Got an email from an agent today, which was exciting until I realized that I had submitted my work to the agent the same way. Still, I’d never had an email from an agent before, so I dared hope.
The message read, in part, “You have a nice storyline and a flair for storytelling. The problem is you’ve made a number of common errors that most writers fall victim to.”
Of course, there is no enumeration of what those common errors are. Clearly the agent is not prone to false pedantry about non-rules like ending sentences with prepositions. This is one reason I spend time critiquing a book after I read it, so I can identify those “common errors” and address them in my own work. In this case, the common errors may not even exist. This might just be the standard rejection email, praise and criticism alike. Everyone who submits may have a “flair for storytelling”.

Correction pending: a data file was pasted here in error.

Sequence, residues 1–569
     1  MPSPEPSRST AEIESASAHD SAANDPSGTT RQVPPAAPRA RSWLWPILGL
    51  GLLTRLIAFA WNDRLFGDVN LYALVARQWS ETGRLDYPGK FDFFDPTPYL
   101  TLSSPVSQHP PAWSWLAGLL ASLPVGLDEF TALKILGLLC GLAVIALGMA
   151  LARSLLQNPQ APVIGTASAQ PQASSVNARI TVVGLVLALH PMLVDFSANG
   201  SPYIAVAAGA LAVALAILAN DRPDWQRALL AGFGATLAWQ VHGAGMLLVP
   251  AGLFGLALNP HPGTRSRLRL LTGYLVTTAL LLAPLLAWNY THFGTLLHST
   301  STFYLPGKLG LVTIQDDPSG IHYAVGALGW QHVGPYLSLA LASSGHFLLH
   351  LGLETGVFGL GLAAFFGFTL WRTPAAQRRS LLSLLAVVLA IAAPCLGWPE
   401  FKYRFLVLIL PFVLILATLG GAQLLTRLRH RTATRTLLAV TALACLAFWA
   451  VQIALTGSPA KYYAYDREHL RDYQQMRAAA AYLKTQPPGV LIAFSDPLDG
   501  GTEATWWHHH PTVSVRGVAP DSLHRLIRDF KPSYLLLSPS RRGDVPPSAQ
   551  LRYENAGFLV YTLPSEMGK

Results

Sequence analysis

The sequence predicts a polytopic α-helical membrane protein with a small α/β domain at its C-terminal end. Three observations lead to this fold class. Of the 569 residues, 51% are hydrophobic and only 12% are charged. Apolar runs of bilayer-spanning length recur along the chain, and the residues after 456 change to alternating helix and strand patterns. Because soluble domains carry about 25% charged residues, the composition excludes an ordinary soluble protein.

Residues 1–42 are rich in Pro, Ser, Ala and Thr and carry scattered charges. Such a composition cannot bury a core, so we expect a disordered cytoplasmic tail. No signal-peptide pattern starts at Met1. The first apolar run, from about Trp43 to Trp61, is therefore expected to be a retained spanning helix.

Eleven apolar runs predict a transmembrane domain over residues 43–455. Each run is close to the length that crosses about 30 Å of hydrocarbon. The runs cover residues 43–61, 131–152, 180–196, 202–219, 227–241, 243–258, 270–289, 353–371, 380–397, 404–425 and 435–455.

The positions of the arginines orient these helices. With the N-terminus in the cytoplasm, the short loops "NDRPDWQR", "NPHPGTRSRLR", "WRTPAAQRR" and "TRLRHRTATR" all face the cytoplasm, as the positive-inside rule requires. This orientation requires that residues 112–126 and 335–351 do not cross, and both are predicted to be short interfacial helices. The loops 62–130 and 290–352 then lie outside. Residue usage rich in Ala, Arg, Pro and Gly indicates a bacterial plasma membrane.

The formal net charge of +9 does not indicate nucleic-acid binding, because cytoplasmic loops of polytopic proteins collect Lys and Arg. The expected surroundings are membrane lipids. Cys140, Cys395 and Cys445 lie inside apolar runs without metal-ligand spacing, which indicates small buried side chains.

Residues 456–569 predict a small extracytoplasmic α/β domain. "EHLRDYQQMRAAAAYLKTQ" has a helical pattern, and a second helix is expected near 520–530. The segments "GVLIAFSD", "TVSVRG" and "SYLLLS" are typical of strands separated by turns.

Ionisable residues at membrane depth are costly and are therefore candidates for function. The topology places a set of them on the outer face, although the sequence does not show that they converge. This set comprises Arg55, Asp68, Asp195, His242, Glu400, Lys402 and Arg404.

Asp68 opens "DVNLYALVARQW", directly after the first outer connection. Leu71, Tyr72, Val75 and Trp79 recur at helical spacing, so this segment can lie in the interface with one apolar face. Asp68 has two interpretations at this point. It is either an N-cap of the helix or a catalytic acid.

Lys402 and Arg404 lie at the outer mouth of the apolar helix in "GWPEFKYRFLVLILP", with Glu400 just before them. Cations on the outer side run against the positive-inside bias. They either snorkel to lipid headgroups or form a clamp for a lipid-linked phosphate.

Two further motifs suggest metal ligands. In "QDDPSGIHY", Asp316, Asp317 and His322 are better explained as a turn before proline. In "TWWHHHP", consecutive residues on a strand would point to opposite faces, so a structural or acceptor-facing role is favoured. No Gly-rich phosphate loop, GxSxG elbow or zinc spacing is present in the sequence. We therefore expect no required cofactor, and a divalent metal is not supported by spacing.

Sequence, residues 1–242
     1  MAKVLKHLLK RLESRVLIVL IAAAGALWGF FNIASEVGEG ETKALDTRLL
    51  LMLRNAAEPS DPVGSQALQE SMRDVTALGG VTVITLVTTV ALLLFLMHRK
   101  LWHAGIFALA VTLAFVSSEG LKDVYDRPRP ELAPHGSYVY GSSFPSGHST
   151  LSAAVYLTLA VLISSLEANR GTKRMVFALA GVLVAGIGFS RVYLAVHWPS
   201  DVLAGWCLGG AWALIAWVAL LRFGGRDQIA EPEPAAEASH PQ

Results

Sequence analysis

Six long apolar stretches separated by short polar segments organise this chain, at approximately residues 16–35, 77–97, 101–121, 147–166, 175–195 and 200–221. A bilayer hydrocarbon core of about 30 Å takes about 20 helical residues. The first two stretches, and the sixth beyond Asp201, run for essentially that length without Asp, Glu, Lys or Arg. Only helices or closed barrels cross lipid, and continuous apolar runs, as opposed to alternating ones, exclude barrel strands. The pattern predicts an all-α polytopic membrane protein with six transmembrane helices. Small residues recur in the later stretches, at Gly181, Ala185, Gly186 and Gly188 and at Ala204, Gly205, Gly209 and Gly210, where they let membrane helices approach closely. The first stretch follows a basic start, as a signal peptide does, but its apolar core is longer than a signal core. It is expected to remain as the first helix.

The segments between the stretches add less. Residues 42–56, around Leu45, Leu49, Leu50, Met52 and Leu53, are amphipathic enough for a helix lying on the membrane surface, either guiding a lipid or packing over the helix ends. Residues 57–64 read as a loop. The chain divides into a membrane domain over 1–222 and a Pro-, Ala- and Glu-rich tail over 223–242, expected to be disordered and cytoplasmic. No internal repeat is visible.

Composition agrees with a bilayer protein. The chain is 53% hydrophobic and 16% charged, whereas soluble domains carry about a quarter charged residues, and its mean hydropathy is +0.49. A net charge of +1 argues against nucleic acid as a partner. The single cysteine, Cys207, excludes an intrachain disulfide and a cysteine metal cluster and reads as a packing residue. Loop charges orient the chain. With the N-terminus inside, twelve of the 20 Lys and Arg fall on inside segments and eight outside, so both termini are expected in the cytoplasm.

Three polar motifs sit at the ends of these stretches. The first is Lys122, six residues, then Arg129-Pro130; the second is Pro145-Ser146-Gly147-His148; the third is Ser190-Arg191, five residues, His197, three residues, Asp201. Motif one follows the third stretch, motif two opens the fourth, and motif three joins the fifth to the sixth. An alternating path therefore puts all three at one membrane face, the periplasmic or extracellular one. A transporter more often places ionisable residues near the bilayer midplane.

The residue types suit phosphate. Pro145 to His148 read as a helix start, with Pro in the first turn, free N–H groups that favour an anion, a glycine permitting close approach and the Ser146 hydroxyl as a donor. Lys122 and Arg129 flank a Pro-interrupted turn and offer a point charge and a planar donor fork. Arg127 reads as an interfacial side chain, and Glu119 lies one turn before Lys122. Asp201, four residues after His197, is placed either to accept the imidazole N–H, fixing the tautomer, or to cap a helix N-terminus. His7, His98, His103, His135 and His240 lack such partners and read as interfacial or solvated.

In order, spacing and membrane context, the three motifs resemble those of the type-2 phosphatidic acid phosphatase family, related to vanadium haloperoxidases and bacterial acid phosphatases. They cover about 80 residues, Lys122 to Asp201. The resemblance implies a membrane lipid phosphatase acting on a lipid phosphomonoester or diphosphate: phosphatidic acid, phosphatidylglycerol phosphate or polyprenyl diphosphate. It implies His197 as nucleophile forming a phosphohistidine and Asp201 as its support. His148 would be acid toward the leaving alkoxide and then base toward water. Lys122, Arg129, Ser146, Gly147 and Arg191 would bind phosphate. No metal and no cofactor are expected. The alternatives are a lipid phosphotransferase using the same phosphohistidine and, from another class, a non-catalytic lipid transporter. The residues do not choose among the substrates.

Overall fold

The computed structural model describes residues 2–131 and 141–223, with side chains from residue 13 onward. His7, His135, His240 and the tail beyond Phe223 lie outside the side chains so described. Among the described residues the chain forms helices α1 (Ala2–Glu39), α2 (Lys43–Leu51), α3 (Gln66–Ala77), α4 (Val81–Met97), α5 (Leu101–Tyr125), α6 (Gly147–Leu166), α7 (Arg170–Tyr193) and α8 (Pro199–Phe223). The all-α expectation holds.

So, how does one spot and stamp out these common errors? First, of course, is friendly but critical feedback from friends. If a few of you out there would like to read The Monster Within and you promise to criticize it ruthlessly, I’d be happy to send it along (although I’m reworking the first three chapters a bit at the moment, to better stun prospective agents).
Second, there’s writing school. I’ve been thinking about writing school for a while now; as with almost any other discipline professional instruction has to be beneficial. Nowhere would I find such consistent criticism than at school, and I would have a chance to air out my more literary musings. Putting a Masters of Fine Arts onto my biographical data in submissions would likely help as well, at least some of the time. I guess it’s time to look into what something like that would cost, and where the likely candidates would be.
Of course, once the Dark War screenplay is turned into a blockbuster, my worries will be over. Better get back to work.